Pope Francis quote:

Discussion questions.

  1. Persecution in Jerusalem saw many christians go out to other towns and cities. Samaria was the Northern part of Israel, the home of the ‘Samaritans’. Because of history and religious differences – they waited for the Messiah to come to Mt Gerazim instead of Jerusalem – Samaritans and Jews did not associate together. It is a newly appointed Greek speaking Philip (see last weeks readings) who enters into this area. Looking back on your life, has sufferings, trials, persecution helped you expand the horizons of your life? In your workplace or parish do some barriers need to be broken down? Who could be a ‘Philip’ without the baggage of the past to work in this area?
  2. Philip’s whole life won people over to his message. It was not only his words but ‘the signs’ he was doing. Does your lifestyle help or hinder people to hear and accept the gospel?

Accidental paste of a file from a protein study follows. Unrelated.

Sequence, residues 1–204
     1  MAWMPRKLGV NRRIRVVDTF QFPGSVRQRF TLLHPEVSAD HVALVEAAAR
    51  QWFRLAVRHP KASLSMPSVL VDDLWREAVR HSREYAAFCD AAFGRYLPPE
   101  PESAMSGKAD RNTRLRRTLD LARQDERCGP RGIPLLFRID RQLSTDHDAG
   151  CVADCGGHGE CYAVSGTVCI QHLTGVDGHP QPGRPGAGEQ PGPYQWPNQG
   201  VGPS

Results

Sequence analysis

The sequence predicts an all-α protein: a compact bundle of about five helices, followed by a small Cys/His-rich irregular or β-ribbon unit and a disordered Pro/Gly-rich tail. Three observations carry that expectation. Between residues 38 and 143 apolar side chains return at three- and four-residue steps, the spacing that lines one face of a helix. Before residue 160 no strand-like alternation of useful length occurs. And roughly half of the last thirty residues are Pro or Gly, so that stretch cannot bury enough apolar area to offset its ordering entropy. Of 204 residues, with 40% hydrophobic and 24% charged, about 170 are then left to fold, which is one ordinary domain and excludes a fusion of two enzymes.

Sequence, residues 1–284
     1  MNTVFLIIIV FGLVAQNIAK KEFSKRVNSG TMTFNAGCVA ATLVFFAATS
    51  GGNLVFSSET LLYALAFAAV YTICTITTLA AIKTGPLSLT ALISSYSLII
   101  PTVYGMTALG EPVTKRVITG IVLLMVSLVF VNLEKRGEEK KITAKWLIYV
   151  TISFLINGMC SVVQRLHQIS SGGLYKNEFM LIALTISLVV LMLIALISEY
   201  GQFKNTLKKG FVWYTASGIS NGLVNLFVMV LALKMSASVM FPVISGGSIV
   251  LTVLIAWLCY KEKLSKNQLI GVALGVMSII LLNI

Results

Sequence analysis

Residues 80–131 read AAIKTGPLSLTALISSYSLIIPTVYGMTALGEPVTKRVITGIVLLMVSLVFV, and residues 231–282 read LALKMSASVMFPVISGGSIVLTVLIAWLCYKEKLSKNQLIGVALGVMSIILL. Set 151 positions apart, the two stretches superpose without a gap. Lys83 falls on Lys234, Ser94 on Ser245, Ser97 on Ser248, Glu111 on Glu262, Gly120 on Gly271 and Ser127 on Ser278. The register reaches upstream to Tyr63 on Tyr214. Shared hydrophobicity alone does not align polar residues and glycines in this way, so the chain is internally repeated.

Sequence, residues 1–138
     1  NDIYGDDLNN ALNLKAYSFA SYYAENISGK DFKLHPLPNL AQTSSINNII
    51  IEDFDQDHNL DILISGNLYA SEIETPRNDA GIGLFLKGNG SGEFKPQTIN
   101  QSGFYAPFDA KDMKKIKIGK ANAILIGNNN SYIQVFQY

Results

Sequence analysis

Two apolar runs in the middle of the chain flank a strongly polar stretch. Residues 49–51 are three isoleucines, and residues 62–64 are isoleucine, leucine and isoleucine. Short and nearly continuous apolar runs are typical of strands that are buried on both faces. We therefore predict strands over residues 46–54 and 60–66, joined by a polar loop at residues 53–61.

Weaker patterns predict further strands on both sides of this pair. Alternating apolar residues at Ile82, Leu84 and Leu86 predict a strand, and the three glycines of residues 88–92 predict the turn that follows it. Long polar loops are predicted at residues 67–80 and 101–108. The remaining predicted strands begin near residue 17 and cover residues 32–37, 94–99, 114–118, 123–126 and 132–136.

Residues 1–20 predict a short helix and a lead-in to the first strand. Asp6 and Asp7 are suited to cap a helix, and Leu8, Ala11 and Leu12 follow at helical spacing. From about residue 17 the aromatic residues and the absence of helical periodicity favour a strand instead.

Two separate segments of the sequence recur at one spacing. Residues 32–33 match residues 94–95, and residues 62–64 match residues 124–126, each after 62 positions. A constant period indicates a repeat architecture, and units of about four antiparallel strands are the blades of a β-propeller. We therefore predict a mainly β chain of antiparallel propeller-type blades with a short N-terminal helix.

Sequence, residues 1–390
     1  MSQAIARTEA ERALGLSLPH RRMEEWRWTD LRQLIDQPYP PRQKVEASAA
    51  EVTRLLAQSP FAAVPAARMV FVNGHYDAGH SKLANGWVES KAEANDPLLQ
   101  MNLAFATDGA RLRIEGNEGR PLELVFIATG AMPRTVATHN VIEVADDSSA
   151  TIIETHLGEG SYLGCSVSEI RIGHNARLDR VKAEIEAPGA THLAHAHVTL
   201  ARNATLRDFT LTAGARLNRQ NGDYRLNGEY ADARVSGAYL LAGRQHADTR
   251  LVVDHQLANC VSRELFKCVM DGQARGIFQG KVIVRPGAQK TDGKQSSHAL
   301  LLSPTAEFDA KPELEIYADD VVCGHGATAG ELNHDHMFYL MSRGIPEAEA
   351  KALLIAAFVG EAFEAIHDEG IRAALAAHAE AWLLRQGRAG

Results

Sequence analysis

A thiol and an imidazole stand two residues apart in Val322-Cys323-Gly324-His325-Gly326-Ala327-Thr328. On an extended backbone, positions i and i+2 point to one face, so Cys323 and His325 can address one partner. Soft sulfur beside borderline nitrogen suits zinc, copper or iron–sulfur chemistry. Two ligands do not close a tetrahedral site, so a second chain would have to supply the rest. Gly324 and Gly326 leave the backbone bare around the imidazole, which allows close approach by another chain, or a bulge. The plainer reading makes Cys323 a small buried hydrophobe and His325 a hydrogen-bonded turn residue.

3. Peter’s letter acknowledges suffering. Keep your conscience clear and show good conduct. How could this apply to your life?
  4. The Easter-tide readings are still dwelling upon the farewell speech of Jesus to his disciples in the Gospel of John (Jn 14-17). He promises to send to them ‘another advocate’. Advocate comes from a greek legal word meaning someone who will give ‘good advice’ and stand alongside to speak for you. Like a lawyer in a courtroom. In trials and troubles the Holy Spirit will lead into ‘truth’. John will also use the words ‘Paraclete’ (one standing alongside) and comforter as words to explain the role and experience the Holy Spirit will bring. Ponder the words ‘Advocate’ and ‘Paraclete’ and ‘Comforter’. Does this expand your appreciation of the Holy Spirit?